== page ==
HOMEBREW Digest #4982 Mon 27 March 2006

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  Fwd: Accurate Thermometers (Fred L Johnson)
  dry ice carbonation - warning (ALAN K MEEKER)
  Big beer efficiency... ("Michael Eyre")
  Water Test (Pete Limosani)
  AHA Governing Committee Election ("Gary Glass")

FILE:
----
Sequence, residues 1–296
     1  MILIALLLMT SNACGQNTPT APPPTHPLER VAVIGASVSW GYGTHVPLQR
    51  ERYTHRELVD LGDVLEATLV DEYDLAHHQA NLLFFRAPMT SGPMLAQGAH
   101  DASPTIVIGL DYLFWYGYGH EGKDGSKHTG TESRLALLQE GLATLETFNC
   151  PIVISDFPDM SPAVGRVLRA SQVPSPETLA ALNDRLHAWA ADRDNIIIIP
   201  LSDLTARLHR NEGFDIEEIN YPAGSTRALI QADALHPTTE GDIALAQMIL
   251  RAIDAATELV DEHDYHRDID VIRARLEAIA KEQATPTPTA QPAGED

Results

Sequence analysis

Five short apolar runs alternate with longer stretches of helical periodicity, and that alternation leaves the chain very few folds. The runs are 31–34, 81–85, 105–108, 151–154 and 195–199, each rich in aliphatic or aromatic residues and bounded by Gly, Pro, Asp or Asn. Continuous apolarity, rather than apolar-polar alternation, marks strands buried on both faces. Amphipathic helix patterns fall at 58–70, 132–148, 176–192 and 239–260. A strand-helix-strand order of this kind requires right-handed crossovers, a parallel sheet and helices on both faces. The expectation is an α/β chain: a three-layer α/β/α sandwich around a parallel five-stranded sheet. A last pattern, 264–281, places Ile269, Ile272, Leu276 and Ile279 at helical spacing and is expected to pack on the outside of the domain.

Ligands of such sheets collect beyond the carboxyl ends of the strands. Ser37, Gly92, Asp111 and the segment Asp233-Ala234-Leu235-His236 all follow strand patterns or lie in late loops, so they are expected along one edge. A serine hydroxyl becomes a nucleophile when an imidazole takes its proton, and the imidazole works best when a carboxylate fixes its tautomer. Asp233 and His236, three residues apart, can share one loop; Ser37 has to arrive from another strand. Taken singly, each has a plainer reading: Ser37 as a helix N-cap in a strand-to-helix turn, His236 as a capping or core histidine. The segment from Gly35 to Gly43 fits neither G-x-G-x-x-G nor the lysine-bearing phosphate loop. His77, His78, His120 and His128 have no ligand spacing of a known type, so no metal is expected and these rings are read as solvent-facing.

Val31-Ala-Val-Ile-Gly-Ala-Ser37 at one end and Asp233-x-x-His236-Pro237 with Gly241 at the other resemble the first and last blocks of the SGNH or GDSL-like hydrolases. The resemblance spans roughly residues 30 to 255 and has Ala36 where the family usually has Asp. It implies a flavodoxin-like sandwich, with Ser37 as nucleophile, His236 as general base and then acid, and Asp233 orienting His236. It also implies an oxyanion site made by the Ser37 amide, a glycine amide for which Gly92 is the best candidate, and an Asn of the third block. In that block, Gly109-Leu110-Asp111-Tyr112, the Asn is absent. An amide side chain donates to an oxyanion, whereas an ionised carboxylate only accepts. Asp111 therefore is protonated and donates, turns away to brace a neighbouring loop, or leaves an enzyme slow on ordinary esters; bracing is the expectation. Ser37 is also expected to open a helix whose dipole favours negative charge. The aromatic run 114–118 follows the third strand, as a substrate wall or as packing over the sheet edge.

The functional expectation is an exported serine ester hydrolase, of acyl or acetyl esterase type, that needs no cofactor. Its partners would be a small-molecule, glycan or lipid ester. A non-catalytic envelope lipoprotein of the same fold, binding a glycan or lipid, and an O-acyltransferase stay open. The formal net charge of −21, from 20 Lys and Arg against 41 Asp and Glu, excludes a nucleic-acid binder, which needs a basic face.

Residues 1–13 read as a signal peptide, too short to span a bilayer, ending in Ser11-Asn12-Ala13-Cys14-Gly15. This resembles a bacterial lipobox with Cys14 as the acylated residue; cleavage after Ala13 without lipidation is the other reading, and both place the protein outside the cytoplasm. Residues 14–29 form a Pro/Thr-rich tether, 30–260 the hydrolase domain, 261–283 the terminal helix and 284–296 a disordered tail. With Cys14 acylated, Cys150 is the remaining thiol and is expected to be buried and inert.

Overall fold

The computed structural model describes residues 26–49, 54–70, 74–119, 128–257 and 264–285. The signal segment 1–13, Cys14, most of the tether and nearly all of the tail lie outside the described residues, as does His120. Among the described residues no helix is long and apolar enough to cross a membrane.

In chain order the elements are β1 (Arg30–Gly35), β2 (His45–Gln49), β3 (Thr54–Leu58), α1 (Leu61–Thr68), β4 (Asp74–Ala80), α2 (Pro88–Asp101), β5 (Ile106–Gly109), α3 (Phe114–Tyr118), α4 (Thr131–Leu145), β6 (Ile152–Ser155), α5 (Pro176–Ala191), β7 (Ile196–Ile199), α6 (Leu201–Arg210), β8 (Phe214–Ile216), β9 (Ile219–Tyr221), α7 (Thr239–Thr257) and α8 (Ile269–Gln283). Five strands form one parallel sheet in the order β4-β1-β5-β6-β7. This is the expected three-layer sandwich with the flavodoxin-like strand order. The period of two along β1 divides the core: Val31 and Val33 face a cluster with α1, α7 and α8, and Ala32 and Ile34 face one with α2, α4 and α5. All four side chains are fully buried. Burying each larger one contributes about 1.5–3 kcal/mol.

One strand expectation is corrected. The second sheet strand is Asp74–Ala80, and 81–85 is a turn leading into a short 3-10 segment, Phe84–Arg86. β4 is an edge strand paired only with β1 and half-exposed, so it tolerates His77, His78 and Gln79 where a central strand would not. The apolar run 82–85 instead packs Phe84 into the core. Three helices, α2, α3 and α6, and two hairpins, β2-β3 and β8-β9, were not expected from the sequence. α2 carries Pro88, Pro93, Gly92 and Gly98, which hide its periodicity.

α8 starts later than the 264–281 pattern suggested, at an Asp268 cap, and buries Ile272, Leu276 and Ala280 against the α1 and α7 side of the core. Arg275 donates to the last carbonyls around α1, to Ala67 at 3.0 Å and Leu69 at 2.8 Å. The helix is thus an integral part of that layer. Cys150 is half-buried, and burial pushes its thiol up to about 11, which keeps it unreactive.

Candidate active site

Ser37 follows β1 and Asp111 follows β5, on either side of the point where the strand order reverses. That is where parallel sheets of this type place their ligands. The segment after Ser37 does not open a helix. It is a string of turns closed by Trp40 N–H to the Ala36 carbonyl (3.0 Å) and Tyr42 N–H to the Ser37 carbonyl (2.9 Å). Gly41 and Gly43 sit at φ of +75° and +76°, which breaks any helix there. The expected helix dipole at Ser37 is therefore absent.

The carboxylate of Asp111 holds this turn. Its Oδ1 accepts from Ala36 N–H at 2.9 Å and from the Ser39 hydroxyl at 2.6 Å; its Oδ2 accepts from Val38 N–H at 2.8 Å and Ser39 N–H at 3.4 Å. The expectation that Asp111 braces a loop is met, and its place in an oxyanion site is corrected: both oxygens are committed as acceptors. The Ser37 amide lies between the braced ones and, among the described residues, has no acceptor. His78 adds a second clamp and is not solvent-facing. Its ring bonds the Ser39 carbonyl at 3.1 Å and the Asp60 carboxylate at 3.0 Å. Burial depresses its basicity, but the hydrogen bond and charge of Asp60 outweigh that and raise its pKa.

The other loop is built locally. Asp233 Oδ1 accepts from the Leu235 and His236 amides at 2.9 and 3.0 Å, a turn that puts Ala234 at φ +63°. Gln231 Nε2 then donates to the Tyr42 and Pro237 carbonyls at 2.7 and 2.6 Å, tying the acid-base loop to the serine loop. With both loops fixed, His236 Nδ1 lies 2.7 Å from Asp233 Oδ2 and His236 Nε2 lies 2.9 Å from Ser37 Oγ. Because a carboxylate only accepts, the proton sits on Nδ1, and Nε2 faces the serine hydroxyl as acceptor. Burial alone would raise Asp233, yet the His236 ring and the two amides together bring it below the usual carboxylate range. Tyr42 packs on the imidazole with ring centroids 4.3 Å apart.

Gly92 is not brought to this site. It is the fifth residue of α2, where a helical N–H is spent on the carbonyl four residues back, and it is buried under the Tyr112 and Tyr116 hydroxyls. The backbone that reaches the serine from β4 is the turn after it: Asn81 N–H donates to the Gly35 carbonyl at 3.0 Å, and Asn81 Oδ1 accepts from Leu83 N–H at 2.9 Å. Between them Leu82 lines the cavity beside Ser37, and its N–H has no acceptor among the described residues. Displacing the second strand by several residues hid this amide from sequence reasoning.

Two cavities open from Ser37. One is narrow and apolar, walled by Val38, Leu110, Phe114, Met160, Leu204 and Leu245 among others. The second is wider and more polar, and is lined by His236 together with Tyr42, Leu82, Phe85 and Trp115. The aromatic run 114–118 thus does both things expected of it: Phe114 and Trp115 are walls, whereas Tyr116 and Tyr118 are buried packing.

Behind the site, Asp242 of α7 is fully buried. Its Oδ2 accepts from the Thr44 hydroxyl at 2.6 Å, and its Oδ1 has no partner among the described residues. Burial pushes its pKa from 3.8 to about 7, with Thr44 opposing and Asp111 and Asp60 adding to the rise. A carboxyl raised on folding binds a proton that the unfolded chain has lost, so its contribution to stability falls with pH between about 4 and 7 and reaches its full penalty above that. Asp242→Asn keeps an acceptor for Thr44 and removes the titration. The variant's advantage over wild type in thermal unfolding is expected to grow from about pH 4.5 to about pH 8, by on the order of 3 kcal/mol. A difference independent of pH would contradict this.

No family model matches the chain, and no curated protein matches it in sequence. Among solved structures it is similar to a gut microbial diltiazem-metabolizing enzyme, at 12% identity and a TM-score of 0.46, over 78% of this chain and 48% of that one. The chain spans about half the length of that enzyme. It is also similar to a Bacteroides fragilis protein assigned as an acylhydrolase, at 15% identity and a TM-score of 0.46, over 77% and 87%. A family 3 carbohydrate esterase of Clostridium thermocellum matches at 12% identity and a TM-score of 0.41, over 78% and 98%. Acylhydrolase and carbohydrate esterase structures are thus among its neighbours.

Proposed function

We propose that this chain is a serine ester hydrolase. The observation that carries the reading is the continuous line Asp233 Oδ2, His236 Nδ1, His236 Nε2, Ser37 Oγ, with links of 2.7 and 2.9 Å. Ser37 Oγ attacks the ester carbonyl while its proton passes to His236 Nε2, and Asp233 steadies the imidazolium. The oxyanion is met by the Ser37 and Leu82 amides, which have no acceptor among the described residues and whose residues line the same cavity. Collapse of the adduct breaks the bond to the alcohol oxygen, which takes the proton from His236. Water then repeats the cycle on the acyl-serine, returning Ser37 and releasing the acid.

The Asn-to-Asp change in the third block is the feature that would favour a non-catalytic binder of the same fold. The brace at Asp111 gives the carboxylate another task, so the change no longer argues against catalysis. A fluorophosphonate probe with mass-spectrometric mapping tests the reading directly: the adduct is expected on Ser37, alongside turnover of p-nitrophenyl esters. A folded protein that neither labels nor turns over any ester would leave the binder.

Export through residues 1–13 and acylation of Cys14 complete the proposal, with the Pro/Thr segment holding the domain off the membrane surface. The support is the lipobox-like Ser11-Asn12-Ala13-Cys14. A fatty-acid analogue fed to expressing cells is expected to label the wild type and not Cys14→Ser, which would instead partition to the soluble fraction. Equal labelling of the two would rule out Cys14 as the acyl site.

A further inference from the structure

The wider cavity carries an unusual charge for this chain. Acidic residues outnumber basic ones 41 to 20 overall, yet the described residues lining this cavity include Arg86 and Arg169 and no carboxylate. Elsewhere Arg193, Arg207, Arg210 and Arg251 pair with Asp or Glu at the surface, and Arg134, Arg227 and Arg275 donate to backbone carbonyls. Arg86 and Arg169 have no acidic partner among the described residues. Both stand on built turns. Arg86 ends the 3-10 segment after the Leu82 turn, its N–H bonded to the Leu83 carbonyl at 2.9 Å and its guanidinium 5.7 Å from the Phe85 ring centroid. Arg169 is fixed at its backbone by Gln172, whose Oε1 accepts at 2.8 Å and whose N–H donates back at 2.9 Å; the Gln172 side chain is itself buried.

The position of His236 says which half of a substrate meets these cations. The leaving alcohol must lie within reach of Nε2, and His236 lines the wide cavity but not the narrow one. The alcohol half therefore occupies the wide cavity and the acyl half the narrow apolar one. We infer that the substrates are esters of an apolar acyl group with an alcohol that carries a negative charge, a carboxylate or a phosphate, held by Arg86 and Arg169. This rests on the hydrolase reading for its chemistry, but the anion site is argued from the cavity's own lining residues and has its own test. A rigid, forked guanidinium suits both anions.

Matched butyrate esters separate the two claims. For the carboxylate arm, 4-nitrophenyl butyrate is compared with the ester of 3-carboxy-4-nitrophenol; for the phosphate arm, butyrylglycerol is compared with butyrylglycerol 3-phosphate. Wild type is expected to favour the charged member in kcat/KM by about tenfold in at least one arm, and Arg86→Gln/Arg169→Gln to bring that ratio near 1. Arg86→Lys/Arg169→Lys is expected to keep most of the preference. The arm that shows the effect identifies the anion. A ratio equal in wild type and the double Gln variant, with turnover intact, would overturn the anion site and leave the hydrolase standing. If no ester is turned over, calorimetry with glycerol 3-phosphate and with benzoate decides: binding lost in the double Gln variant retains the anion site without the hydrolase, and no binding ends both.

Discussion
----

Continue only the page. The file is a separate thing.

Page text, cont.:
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---------------------------------------------------------------------- Date: Sat, 25 Mar 2006 07:51:45 -0500 From: Fred L Johnson <FLJohnson52 at nc.rr.com> Subject: Fwd: Accurate Thermometers If a thermometer isn't NIST certified or NIST traceable, there's little guarantee that the thermometer will be very accurate. One should calibrate such a thermometer. It is standard procedure in the lab to calibrate whatever thermometer one is using against an NIST certified thermometer. For many thermometers, no adjustment can be made to the value displayed on the thermometer. "Calibration" for such thermometers means making notes on the value displayed at various temperatures (as several have pointed out in this thread), constructing calibration curves from those values, and making adjustments to the displayed value using the calibration curves. I have used NIST traceable thermometers made by Control Company for many years. They are sold by several dealers (see the web site below). The prices of the thermometers vary depending upon features, but there are several that are quite affordable. (I have no affiliation with Control Company. I'm only a satisfied customer always looking for an inexpensive way of getting what I want.) www.control3.com Fred L Johnson Apex, North Carolina, USA Return to table of contents